Friday, February 27, 2009

"Full time"

I wanted to highlight the following comment because of how well it shows that things are getting worse. Studios are beginnning to cut hours to the point that studio managers have to basically live at the studio:

"Recently CPI has changed the hours of operations on some "test" studios (soon to be changed in all studios). In my studio our new hours will mean we are only OPEN 35 hours out of the week. That means, as a studio manager, I have to work every single hour we are open every single day. It's ridiculous! It also means that my assistant manager's hours will be cut down to practically nothing and my other staff... well... sorry?

To top all that off, we were recently told on a conference call that if we drop below 32 hours a week, then the shorted time will be taken from our PTO time [a combination of sick days and vacation days]. So if I decide one week to only work 5 days, then whatever hours I'm short will come out of the measly PTO time I have. We are forbidden from taking unpaid time off. I think that too is ridiculous. We aren't salary workers. We are hourly. If we want to work less hours, it means they just pay us less! We used to be able to take unpaid PTO with DM's approval provided our studio was covered. Now, we have to basically work 6 days a week with no break but measly pay."
I don't know how Sears can expect to get good assistant managers any more. People that have any kind of relevant experience or skills aren't going to work for the small number of hours. This is probably why, a couple months ago, there were rumors of the assistant manager position being eliminated (which, to date, we've heard nothing of). Eventually, it seems to me that they're going to realize how few hours the assistant managers are getting, eliminate the position, and fill the gap with associates that they get to pay less.

Wednesday, February 25, 2009

The revolving door

There have been a lot of great comments on the previous entry about the horrible conditions at Sears Portrait Studio, and I wanted to highlight a few. These are in response to another comment that suggested that if you try your best, you'll always be safe from losing your job:

"I was fired for low studio numbers...I did everything in my power to get the numbers up. I was a loyal employee for 15 years. I worked holidays and nearly every weekend; hell, I didn't even take a sick day my first 5 years. I hung in through all the changes and daily BS. My reward? A DM who lied about studio visits, posted my job online before beginning any corrective action, talked smack about other studio managers to me, and played favorites on a regular basis. Don't kid yourself. You are ALWAYS REPLACEABLE. "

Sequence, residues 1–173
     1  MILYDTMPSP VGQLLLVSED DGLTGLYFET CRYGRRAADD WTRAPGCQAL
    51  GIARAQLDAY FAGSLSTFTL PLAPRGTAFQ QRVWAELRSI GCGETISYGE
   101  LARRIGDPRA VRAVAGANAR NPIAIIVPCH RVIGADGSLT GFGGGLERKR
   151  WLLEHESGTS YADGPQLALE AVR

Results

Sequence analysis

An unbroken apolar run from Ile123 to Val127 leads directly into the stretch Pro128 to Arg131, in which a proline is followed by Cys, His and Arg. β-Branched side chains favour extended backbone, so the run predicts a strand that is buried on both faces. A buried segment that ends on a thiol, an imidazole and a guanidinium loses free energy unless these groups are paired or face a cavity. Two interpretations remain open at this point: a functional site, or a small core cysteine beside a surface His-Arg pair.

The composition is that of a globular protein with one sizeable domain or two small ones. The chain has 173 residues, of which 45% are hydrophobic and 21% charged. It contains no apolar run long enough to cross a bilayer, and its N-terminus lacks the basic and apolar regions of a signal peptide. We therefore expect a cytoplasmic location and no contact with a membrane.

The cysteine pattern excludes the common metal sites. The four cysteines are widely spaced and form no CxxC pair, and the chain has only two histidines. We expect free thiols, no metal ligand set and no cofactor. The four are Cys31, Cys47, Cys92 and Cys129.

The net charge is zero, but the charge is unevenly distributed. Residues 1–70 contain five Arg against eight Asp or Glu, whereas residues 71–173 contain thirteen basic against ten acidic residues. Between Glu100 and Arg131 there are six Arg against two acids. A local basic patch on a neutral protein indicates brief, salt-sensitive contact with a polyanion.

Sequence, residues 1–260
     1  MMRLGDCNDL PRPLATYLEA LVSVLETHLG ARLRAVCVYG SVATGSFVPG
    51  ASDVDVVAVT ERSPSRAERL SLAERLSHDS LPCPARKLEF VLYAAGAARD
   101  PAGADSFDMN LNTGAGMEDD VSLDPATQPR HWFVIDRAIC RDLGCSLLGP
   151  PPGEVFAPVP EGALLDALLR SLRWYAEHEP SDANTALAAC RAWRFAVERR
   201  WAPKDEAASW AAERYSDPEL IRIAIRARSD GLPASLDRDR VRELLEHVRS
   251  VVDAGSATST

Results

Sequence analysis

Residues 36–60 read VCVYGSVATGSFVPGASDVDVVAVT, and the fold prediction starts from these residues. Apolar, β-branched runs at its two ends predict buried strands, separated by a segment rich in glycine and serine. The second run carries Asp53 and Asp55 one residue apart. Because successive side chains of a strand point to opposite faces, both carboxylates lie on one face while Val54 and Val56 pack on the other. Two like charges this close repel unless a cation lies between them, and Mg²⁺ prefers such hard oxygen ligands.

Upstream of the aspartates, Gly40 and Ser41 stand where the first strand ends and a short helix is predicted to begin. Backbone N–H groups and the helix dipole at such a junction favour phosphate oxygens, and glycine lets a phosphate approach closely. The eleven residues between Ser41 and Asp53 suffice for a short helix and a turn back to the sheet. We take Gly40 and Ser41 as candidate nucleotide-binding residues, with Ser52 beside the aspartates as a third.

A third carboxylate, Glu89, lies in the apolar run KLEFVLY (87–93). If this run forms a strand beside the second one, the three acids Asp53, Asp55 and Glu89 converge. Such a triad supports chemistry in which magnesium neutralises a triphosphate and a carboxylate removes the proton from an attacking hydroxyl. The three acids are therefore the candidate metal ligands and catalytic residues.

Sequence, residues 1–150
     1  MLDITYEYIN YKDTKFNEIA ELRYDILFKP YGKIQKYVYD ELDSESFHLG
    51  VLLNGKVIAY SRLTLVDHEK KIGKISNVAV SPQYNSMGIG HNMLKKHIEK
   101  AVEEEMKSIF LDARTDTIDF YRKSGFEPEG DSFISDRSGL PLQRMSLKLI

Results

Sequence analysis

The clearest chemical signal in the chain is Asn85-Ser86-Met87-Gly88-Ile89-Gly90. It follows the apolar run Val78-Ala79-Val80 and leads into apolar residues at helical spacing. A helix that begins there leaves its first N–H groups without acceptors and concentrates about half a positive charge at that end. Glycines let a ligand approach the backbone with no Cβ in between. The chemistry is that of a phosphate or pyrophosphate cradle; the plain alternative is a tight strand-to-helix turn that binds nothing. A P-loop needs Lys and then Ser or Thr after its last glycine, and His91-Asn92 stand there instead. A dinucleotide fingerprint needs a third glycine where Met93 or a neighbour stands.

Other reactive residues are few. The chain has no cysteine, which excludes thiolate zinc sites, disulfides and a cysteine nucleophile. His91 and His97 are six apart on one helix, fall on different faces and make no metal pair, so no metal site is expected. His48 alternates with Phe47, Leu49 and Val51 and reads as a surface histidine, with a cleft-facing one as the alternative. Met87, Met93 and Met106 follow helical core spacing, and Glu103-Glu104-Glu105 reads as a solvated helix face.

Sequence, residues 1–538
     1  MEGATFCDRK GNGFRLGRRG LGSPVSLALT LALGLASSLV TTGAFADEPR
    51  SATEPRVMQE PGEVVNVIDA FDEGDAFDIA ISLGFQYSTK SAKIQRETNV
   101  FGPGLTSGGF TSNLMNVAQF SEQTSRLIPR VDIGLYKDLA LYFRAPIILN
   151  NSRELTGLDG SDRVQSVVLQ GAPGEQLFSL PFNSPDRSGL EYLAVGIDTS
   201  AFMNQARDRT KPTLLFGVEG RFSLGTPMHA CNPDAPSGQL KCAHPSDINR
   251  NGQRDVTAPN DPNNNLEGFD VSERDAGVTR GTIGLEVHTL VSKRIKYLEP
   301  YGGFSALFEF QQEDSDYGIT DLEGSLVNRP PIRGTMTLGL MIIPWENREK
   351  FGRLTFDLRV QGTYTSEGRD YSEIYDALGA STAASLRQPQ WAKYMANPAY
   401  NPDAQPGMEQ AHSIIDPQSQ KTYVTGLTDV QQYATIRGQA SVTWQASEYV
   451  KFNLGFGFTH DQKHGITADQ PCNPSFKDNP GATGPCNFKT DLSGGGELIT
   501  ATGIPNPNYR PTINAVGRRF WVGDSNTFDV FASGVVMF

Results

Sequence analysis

And another commenter writes: "The problem with this job is the company feels we are easily replaced. on a recent conference call we were told to interview people weekly so those who are underperforming can be replaced immediately. you CAN and DO get fired for low numbers.and good luck actually getting people to take the job at the lousy starting pay. we are so easily replaced and yet it takes a dedicated person to fully do this job and give good customer svc. we hire any old person off the street and expect a miracle. thats why this company is in the toilet. START WITH THE EMPLOYEES. find your sales rising. (oh look i wrote in caps that means IT WILL be done right?)"

Did you catch that? People are being told to interview people when there aren't even positions open. As many SM and DMs that have had their jobs posted know, nothing says "we don't value you" like actively seeking out new people to do your job.

I left this company about six months ago thinking that it couldn't get any worse over there, but clearly it's gotten worse.

Monday, February 23, 2009

Fix CPI: Business model

The CPI business model is more or less the following: bring in people, take great photos, use sales tactics to sell them sheets at 14.99 each, bring them back.

Is this sustainable? I mean, yes, it's incredibly profitable to sell a product at 14.99 that costs you about 17 cents in raw materials, but it doesn't help if you only get a few customers a day. And, thanks to coupons (which will be another day's entry so save up those comments!), some customers pay just 9.99 for their entire package of photos that it took your associate an hour to take.

Times are tough and people are learning how to spend less. I know that the people at Sears take great photos, but how can you continue to convince people that your photos are so great that, rather than spending .26 cents for a cute 4x6 print that they took at Walgreens, they should instead pay many times that for a sheet of 4 3.5x5's, all with the same pose.